There is no way to sugarcoat this: ShaqDown (Free) is not a great game. It is, at best, a merely serviceable game ideal only for anyone ravenously massaging their hands mad scientist-style with anticipation. This also probably is going to really, really bum out Shaq who is himself a hugely outspoken Apple enthusiast.
Sorry Shaq. But what follows is true.
So what went wrong? There is far too much emphasis and reliance on gimmick. ShaqDown starts off in Yemen, which is seemingly ground zero of the zombie apocalypse. Mankind underestimated the zombies, and wound up being enslaved by them. Among the wreckage, though, “[there] was a man that stood up to mutant zombies all by himself. To some he is known as the ‘Dunkman.’ We know him as ‘The Justice Bringer.’” The opening cinematic laying this all out comic-book style is charming, but by the time you’ve hit “buy” in the Apple store, you know all this. Its element of surprise and kitsch has all but worn off.
Also, as it was unrolling on my iPhone 4S, I couldn’t help but think, “Oh, okay: Resident Evil 5 meets Punch Quest meets Dikembe Mutombo’s 4 1/2 Weeks to Save the World… with zombies.”
Then again, though, lots of games attempt to cash in or piggyback off popular trends. It makes good business sense. I think what happened with ShaqDown, though, is that it was an unfortunate victim of timing. But even by itself, the game is just exceedingly generic. And slightly confusing in its controls at first.
For example, after dispensing with the opening, you’re set loose on Yemen, which is a seemingly endless track of three sets of parallel sidewalks. For you see, ShaqDown is essentially an endless runner. With zombies.
You have the ability to “uppercut” by jumping up from one track to another and also to chuck a basketball as a “free throw,” and the ability to throw a projectile in an endless runner is cool, but it’s largely untapped. It only comes in handy against the boss battles (it’s the only way to hurt enemies like Ricardo Montalbomb) and also as a defensive measure against zombies that are in the process of turning into hulking mega zombies. The huge zombies you can’t hurt, and will stop you in your tracks instantly if you collide.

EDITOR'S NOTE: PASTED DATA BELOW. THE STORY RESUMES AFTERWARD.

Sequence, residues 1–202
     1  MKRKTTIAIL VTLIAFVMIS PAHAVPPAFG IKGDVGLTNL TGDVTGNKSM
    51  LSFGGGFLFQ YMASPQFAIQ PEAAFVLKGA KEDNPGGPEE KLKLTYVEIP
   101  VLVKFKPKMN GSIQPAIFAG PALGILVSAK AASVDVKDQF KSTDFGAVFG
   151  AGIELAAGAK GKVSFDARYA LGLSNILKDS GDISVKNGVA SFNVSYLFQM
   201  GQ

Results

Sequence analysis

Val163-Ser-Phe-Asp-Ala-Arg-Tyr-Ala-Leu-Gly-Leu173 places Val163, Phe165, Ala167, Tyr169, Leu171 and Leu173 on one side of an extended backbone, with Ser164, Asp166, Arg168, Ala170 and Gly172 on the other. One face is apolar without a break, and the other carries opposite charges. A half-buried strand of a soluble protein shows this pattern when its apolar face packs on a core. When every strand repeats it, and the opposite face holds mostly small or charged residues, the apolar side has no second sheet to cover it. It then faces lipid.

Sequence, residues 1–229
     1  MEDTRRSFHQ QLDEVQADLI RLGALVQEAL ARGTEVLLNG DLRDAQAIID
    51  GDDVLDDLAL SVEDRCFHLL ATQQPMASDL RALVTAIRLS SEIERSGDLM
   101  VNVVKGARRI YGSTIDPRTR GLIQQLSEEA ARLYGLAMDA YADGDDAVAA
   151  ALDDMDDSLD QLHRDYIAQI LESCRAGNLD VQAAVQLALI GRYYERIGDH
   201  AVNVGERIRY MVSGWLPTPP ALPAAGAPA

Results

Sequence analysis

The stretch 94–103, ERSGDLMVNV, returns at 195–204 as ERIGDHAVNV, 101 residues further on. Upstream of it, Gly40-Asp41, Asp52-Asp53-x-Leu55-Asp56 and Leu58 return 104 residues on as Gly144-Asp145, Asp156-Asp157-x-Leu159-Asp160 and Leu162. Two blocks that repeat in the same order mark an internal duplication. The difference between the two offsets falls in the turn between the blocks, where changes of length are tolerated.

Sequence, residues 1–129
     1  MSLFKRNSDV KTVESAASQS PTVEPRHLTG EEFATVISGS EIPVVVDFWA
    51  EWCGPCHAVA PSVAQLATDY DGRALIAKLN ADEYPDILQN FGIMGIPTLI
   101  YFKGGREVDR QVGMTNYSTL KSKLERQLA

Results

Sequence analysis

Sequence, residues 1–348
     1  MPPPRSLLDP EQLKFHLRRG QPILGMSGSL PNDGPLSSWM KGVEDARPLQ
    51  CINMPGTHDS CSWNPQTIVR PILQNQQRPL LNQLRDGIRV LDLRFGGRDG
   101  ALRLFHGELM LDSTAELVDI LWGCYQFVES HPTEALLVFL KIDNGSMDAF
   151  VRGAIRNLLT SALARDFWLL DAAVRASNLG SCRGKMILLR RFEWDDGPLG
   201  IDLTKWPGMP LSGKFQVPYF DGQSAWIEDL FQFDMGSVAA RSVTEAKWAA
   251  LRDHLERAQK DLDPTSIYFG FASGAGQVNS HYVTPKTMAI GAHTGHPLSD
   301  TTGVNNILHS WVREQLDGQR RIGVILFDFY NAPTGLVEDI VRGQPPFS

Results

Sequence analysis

But there’s no way of knowing any of this except through trial and error. There’s a control graphic that pops up when you first start, but it just shows you how tapping in different regions will let you do different moves — but not what they’re for. I got halfway through the game — there are three levels — before I realized you don’t actually have to uppercut the lower zombies. You can just commit moving violation after moving violation on them and just run right through them, which takes a lot of the tension out of the game.
The more Shaqra, or points, you earn, the more upgrades or specials you can buy. Some of them you can literally only buy with dollars, like unlocking specials such as the Lee Kemp assist attack, but nearly everything else you can invest points in to unlock new “suits.” The “suits” are really more difficulties, which means you’ll be seeing these three levels an awful lot. Or, there’s also survival mode, in case you wish to go into overtime with ShaqDown.
Ultimately, though, for all its tapdancing there just isn’t anything interesting going on here. The concept is solid but the execution is so humdrum. You zig and zag through the levels until you hit the boss, which you pelt with the rock. Then you do it again two more times and then you’re done — unless you wish to continue on in other modes or on harder difficulties.
And sooner or later, the zombies will get you. They haven’t freaking died yet, already, have they?